144 `entry_or_key` parameter points to a bogus hashmap_entry structure that
145 should not be used in the comparison.
146
147 `void *hashmap_get_next(const struct hashmap *map, const void *entry)`::
148
149 Returns the next equal hashmap entry, or NULL if not found. This can be
150 used to iterate over duplicate entries (see `hashmap_add`).
151 +
152 `map` is the hashmap structure.
153 +
154 `entry` is the hashmap_entry to start the search from, obtained via a previous
155 call to `hashmap_get` or `hashmap_get_next`.
156
157 `void hashmap_add(struct hashmap *map, void *entry)`::
158
159 Adds a hashmap entry. This allows to add duplicate entries (i.e.
160 separate values with the same key according to hashmap_cmp_fn).
161 +
162 `map` is the hashmap structure.
163 +
164 `entry` is the entry to add.
165
166 `void *hashmap_put(struct hashmap *map, void *entry)`::
167
168 Adds or replaces a hashmap entry. If the hashmap contains duplicate
169 entries equal to the specified entry, only one of them will be replaced.
170 +
171 `map` is the hashmap structure.
172 +
173 `entry` is the entry to add or replace.
174 +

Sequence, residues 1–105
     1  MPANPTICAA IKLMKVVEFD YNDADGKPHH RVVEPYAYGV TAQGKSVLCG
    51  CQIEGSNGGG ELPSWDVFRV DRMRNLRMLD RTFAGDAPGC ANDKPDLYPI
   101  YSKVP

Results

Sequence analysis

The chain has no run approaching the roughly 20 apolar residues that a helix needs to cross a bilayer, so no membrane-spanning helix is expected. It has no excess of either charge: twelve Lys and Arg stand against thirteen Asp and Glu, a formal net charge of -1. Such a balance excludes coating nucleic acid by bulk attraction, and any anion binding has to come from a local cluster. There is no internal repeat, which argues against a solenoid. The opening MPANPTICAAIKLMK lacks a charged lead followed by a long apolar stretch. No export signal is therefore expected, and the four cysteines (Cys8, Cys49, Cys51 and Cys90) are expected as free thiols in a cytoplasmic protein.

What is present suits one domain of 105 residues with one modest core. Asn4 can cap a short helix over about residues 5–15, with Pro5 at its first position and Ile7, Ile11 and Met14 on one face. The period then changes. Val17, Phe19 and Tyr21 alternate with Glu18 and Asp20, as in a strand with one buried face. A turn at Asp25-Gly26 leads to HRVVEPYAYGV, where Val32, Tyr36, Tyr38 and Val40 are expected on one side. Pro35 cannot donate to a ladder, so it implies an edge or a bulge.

175 Returns the replaced entry, or NULL if not found (i.e. the entry was added).
176
177 `void *hashmap_remove(struct hashmap *map, const void *key, const void *keydata)`::
178
179 Removes a hashmap entry matching the specified key. If the hashmap
180 contains duplicate entries equal to the specified key, only one of
181 them will be removed.
182 +
183 `map` is the hashmap structure.
184 +
185 `key` is a hashmap_entry structure (or user data structure that starts with
186 hashmap_entry) that has at least been initialized with the proper hash code
187 (via `hashmap_entry_init`).
188 +
189 If an entry with matching hash code is found, `key` and `keydata` are
190 passed to `hashmap_cmp_fn` to decide whether the entry matches the key.
191 +
192 Returns the removed entry, or NULL if not found.
193
194 `void hashmap_disallow_rehash(struct hashmap *map, unsigned value)`::
195
196 Disallow/allow automatic rehashing of the hashmap during inserts
197 and deletes.
198 +
199 This is useful if the caller knows that the hashmap will be accessed
200 by multiple threads.
201 +
202 The caller is still responsible for any necessary locking; this simply
203 prevents unexpected rehashing. The caller is also responsible for properly
204 sizing the initial hashmap to ensure good performance.
205 +
206 A call to allow rehashing does not force a rehash; that might happen
207 with the next insert or delete.
208
209 `void hashmap_iter_init(struct hashmap *map, struct hashmap_iter *iter)`::
210 `void *hashmap_iter_next(struct hashmap_iter *iter)`::
211 `void *hashmap_iter_first(struct hashmap *map, struct hashmap_iter *iter)`::
212
213 Used to iterate over all entries of a hashmap. Note that it is
214 not safe to add or remove entries to the hashmap while
215 iterating.
216 +